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Advice About Eating Fish, From the Environmental Protection Agency and Food and Drug Administration; Revised Fish Advice; Availability

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Information about this document as published in the Federal Register.

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AGENCY:

Food and Drug Administration, HHS.

ACTION:

Notice of availability.

SUMMARY:

In June 2014, the Food and Drug Administration (FDA) and the U.S. Environmental Protection Agency (EPA) (the Agencies) jointly released a draft update to a March 2004 document entitled “What You Need to Know About Mercury in Fish and Shellfish.” FDA and EPA are now announcing revised fish advice that contains advice and supplemental questions and answers for those who want to understand the advice in greater detail.

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FOR FURTHER INFORMATION CONTACT:

FDA: William R. Jones, Center for Food Safety and Applied Nutrition, Food and Drug Administration, 5001 Campus Dr., College Park, MD 20740-3835, 240-402-1422, William.Jones@fda.hhs.gov; EPA: Lisa Larimer, U.S. Environmental Protection Agency, 1200 Pennsylvania Ave. NW., MS 4305T, Washington, DC 20460, 202-566-1017, Larimer.Lisa@epa.gov.

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SUPPLEMENTARY INFORMATION:

I. Background

In the Federal Register of June 11, 2014 (79 FR 33559), FDA, in coordination with EPA, announced the availability of the draft updated fish advice, entitled “Fish: What Pregnant Women and Parents Should Know” (the notice), and made the draft updated advice available for public comment. The draft fish advice was intended to update advice previously published by EPA and FDA in March 2004 (Ref. 1), to make it consistent with the 2010 Dietary Guidelines for Americans and to modify the wording and organization of the 2004 advice to enhance the likelihood that it would be followed by the target audience. The 2004 advice on fish consumption itself was preceded by earlier recommendations published by FDA in September 1994 and revised in May 1995 (http://www.fda.gov/​ohrms/​dockets/​ac/​02/​briefing/​3872_​advisory%207.pdf), followed by separate, but simultaneously issued, FDA and EPA fish consumption advice in 2001. FDA's 2001 advice addressed commercial fish; EPA's 2001 advice addressed locally caught fish. The 2014 notice announcing the availability of the draft updated fish advice stated that the comment period would be open until 30 days after the last transcript became available from either the FDA Risk Start Printed Page 6572Communication Advisory Committee (RCAC) meeting to be held on the draft advice or any other public meeting that the Agencies chose to hold on the draft advice (79 FR 33559). The notice also stated that the date for closure of public comment would be published in a future notice in the Federal Register (id.).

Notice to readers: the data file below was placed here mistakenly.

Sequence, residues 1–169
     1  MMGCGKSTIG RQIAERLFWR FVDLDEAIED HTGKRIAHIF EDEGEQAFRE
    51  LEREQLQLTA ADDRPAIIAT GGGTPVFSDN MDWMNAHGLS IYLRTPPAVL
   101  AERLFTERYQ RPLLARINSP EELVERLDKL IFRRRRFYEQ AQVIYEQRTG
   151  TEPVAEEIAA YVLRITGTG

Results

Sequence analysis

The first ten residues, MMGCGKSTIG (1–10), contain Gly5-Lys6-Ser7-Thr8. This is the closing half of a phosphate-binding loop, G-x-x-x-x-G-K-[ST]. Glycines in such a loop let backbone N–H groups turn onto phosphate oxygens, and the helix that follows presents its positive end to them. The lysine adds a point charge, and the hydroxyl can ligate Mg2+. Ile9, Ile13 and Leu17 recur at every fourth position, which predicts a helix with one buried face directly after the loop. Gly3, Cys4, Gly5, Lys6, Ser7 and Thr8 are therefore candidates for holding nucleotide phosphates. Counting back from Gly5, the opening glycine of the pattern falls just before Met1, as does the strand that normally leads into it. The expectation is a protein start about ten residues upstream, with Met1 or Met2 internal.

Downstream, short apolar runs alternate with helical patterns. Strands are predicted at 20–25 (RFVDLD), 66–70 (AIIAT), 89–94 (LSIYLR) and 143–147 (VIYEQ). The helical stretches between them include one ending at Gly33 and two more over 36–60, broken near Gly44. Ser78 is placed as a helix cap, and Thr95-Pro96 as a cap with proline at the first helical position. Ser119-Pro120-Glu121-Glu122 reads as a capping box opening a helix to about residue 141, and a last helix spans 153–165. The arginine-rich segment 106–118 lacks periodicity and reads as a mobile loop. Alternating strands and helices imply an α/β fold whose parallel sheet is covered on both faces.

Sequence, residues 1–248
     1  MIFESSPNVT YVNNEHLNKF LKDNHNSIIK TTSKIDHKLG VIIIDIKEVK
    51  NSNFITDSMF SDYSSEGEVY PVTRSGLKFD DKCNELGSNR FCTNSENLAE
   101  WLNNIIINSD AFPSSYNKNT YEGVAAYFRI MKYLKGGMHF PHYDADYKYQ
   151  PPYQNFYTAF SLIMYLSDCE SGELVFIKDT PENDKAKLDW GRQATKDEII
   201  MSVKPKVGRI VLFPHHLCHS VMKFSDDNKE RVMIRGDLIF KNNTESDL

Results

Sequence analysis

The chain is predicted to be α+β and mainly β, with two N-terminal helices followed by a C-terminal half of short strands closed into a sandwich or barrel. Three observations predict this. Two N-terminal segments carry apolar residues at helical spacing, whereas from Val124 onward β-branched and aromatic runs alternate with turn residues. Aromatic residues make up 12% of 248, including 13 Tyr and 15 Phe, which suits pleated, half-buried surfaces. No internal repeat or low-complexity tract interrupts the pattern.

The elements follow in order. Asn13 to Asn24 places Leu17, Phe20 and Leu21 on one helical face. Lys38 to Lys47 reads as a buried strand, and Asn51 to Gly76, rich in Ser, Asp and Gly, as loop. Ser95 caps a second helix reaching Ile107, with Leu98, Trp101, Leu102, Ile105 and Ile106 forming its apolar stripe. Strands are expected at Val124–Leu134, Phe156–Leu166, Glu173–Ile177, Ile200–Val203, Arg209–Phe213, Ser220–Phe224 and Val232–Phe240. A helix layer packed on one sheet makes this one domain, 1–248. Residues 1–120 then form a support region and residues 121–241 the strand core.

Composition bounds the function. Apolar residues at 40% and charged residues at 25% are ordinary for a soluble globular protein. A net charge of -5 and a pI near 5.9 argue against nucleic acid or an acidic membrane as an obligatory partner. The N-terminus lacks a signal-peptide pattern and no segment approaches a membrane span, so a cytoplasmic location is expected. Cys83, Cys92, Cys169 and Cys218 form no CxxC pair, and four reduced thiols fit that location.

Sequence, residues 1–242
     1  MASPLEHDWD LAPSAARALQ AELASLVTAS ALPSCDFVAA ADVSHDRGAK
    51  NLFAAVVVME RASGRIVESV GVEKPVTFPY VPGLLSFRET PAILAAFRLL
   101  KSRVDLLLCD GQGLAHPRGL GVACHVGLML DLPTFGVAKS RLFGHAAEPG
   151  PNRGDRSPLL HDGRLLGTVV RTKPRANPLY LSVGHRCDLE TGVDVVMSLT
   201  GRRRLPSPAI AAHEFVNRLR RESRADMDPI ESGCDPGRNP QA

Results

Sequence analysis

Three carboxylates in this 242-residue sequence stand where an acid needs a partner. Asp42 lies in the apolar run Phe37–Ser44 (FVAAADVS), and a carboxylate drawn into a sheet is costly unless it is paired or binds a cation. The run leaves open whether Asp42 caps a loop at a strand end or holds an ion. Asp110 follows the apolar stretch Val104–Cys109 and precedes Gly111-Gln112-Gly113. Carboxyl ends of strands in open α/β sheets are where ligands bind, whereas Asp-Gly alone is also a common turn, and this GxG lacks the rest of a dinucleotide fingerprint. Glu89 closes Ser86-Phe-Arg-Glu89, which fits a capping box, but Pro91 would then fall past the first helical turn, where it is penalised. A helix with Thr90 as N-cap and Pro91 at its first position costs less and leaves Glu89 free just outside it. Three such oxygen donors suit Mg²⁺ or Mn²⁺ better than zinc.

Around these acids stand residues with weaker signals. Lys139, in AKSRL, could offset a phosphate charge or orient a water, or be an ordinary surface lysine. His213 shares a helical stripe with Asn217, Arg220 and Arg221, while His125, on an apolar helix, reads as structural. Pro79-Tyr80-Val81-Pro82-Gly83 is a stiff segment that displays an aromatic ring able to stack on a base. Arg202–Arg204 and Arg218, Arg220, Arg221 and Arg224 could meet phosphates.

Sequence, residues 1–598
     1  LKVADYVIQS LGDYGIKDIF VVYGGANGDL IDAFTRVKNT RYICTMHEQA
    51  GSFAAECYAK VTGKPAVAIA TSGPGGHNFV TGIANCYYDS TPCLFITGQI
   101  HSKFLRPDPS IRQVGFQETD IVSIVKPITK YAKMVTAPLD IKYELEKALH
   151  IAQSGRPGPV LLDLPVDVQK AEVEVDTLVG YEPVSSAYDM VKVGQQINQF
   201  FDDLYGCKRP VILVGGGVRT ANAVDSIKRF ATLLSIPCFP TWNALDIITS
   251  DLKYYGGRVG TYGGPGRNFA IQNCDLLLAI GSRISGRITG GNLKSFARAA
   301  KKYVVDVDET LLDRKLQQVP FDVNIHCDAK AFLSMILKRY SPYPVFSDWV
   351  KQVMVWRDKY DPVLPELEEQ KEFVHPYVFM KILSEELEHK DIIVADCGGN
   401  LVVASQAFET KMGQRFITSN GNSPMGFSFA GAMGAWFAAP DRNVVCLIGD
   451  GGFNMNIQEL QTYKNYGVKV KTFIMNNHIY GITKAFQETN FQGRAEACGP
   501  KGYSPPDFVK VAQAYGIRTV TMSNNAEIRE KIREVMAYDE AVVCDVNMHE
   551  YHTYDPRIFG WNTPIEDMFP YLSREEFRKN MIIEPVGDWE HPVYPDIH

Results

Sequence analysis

The RCAC meeting was held on November 3 and 4, 2014, and the transcript of the meeting became available on December 2, 2014. The meeting addressed the draft updated fish advice in great detail and included presentations by the Agencies on both the substance and the presentation of the draft updated fish advice, and included presentations by invited experts in risk communications. The meeting also provided members of the public with an opportunity to express their views to the RCAC and to officials of the Agencies who were in attendance. FDA and EPA concluded that the thoroughness of this public meeting, in addition to the public comments received and still to be received, removed the need for additional public meetings, and announced in the Federal Register that the comment period for the draft updated advice would be closed on March 26, 2015 (80 FR 9732). The transcript from the RCAC meeting is available electronically at http://www.fda.gov/​downloads/​AdvisoryCommittees/​CommitteesMeetingMaterials/​RiskCommunicationAdvisoryCommittee/​UCM425352.pdf and http://www.fda.gov/​downloads/​AdvisoryCommittees/​CommitteesMeetingMaterials. A summary table of joint responses from FDA and EPA to the comments we received on the draft updated fish advice is available in the docket (Ref. 2). The comments themselves are also available in the Docket.

In August 2016, an external peer review of FDA-EPA's method for categorizing species of fish into consumption categories was conducted at the request of FDA and EPA. Information on the external peer review and FDA's and EPA's responses to the peer review are available at http://www.fda.gov/​fishadvice (and also on FDA's Completed Peer Reviews page at http://www.fda.gov/​ScienceResearch/​SpecialTopics/​PeerReviewofScientificInformationandAssessments/​ucm079120.htm) (Refs. 3 and 4). Fish and shellfish (referred to collectively in this notice as “fish”) provide protein, are low in saturated fat, are rich in many micronutrients, and provide certain omega-3 fatty acids (Ref. 5). However, as a result of natural processes and human activity, fish also contain mercury in the form of methylmercury. Methylmercury can adversely affect the central nervous system, particularly the developing brain of the fetus. After a careful review and consideration of the RCAC transcript, the comments received on the draft updated fish advice (Ref. 2), and the peer review, EPA and FDA are issuing revised fish advice.